The U.S. Patent and Trademark Office is understaffed and overwhelmed. Could the answer to its problems lie in crowdsourcing the patent-review process? Could crowdsourcing result in better patents?

This week on the legal-affairs podcast Lawyer2Lawyer, we look at the Peer-to-Patent system, an innovative pilot project run jointly by the USPTO and the Center for Patent Innovations, a research and development arm of New York Law School’s Institute for Information Law and Policy. The project just completed its second year of operation and its future is now under review. It uses crowdsourcing and the power of the Internet at large to help vet applications for business-methods and software patents.

Joining us to discuss this experiment in crowdsourcing of patent review are two guests:

  • Prof. Mark Webbink, executive director of the Center for Patent Innovations and the former senior vice president and general counsel at Red Hat, the premier Linux and open source vendor.
  • Stephanie Scruggs, an intellectual-property partner in the Washington, D.C., office of Hanify & King, where she focuses on patent litigation, patent prosecution, and product clearance and patent validity opinions.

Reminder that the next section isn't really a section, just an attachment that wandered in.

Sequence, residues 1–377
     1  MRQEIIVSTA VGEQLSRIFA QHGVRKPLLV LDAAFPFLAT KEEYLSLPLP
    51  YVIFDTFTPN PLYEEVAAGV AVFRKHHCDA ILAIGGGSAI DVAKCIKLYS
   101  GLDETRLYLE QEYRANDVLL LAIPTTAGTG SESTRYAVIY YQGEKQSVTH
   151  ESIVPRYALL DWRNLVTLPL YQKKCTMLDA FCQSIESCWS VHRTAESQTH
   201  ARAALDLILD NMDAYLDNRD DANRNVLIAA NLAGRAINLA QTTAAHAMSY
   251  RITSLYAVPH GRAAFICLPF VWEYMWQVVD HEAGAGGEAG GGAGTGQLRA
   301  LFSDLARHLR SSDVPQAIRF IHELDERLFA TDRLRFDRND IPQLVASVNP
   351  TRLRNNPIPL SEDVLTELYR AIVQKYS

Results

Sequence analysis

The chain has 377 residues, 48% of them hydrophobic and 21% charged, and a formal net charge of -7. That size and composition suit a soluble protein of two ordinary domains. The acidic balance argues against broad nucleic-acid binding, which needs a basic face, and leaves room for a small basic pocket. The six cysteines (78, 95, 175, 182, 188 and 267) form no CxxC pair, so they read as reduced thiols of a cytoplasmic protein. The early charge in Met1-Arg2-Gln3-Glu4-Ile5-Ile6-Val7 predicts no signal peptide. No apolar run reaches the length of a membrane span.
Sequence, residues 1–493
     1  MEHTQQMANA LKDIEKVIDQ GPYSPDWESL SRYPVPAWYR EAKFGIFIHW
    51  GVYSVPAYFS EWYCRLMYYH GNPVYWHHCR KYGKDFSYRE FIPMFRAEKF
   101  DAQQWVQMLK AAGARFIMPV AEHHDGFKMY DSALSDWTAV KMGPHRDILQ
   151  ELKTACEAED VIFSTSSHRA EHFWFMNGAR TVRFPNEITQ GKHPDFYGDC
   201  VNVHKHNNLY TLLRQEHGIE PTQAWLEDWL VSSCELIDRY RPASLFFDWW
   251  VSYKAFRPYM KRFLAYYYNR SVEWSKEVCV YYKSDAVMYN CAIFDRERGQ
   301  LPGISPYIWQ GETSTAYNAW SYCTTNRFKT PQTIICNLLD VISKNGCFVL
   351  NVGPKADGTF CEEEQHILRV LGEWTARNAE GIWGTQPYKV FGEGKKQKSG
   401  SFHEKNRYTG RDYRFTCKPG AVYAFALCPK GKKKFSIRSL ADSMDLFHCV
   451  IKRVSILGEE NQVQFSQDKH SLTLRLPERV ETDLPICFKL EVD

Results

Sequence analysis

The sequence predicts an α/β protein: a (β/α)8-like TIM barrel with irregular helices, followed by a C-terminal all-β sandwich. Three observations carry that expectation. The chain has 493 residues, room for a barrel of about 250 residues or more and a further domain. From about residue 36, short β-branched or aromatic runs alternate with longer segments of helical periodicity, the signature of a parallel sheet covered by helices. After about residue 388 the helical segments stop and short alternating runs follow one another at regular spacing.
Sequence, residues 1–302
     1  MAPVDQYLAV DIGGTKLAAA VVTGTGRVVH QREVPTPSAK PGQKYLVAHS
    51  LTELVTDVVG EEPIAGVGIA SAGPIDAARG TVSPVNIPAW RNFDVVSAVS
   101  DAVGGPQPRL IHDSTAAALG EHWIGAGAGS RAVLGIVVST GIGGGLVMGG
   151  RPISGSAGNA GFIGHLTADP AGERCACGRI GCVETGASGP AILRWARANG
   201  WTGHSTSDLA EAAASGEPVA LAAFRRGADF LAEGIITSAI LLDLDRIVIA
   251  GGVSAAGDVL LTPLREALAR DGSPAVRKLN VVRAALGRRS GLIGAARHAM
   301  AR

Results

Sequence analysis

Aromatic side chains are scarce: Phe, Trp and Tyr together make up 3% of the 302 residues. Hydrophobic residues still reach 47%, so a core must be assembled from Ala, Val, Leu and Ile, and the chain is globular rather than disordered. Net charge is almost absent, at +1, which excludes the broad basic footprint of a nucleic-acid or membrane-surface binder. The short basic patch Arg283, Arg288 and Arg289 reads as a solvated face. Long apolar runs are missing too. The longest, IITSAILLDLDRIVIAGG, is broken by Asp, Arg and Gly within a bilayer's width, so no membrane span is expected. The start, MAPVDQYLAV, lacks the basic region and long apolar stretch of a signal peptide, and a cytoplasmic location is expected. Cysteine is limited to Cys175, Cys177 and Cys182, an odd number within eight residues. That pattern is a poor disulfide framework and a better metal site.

Listen to or download this week’s program at the Legal Talk Network.

Photo of Bob Ambrogi Bob Ambrogi

Bob is a lawyer, veteran legal journalist, and award-winning blogger and podcaster. In 2011, he was named to the inaugural Fastcase 50, honoring “the law’s smartest, most courageous innovators, techies, visionaries and leaders.” Earlier in his career, he was editor-in-chief of several legal publications, including The National Law Journal, and editorial director of ALM’s Litigation Services Division.